I hesitated calling one of my main categories on my website "WISDOM." I remember when I was in my early twenties and I watched Oprah interview Nelson Mandela. The one thing that really stuck with me was that he said, he knew enough to really know how little he knows. At the time I really thought about this. I took an inventory of my life. I had experienced many things at a very young age and I had been told by many people who were close to me that I knew so much about life. I guess those compliments got to my head because I quite agreed with them. Not in an arrogant way, but in a graceful, accepting the compliment way. But within all that grace I can see how because "I did know a lot" it clouded my vision and I was unaware of all that I didn't know. I think a little of that arrogance also comes with age. When you are young it is easy to think you "know it all." As we age we begin to see how much there is to life that we really don't know. It is like the cliche, the more we know, the more we know we don't know!
As I type this my brain is ticking thinking about wether or not you can think you are wise and in the same moment be humble, even in a graceful way. It was this thought that tripped me when I thought of naming a category wisdom. Like, "hey look over here at all the things I know! " I had to differentiate that when I put my wisdom out there to be seen of all people, I am certainly not stating that, "I know it all," unlike my early twenty something might have led you to believe. But rather, that when I put my wisdom out there it is simply me sharing my experiences. So even though I state this, I was fearful of my readers perspective. Would they think of me as a "know it all?" So through all of this woman brain activity, I found a quote that said, "wisdom comes from experience and should be shared." This was it. I completely agree. It especially resonates with me because I believe that neat things happen when we share with each other. It is liberating and humanizing. When we share with each other our life is different, both for the one who shares and for the recipient of the knowledge.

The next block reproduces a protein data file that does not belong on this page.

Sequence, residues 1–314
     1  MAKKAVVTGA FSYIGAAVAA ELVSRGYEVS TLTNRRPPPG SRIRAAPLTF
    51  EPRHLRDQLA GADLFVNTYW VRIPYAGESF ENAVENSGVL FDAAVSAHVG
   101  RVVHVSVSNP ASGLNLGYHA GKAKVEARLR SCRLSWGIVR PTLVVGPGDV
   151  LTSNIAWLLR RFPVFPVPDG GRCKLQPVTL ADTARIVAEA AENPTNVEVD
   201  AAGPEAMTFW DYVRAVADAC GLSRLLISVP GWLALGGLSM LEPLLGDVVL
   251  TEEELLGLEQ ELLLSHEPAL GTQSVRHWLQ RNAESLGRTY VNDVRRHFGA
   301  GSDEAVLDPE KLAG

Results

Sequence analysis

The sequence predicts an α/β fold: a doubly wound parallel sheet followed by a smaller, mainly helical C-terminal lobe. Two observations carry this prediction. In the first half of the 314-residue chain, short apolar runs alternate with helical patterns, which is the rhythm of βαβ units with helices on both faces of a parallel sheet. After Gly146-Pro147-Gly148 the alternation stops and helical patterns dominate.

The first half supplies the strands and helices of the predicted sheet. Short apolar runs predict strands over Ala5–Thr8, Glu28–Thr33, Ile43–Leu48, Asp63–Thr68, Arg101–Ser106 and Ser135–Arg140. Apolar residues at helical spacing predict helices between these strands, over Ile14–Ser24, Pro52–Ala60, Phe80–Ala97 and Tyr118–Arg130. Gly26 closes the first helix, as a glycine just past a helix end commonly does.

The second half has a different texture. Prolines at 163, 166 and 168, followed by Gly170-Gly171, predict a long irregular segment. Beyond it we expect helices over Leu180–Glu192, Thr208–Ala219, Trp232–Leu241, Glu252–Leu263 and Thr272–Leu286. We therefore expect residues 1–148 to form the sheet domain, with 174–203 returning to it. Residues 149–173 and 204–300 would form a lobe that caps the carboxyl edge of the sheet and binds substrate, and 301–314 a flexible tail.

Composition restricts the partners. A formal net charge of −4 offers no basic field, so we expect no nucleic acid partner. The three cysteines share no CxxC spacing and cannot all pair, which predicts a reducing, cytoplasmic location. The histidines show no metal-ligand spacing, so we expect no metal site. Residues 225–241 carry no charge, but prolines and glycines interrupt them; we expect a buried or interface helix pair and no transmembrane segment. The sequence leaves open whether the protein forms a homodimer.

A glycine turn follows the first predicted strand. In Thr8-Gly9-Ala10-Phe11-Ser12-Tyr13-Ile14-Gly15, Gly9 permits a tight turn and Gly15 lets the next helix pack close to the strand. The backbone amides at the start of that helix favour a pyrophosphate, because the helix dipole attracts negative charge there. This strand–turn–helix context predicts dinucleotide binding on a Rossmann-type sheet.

Also, on the topic of wisdom, is one of my favorite philosophies in life. It is about birthdays. Trust me, wisdom and birthdays have a lot to do with each other.
In many languages outside of English when asked your age, instead of asking, "how old are you?" the translation to English is, "how many years do you have?" I love knowing about this. In the English way of asking about age, it is negative and maybe even rude, referring to the obvious, you're not young anymore and there is eminent decay and death lurking around the corner of getting older! LOL! While, within other cultures the very way of asking about age connotes a culmination of their life. How many years do you have, automatically refers to their wisdom, it refers to their experiences that have made them who they are, about their children and the beautiful energy they spent raising a family or about their great accomplishments in life.
Like the rings of a tree, how much we life have is beautiful. It shows our wisdom that has come through heartache, joy, effort, and perseverance. Our rings show all that we put into living everyday, all that we put into experiencing. That is one of the most beautiful things in life, that we are allowed to accumulate experiences. And that our experiences allow us to accumulate wisdom.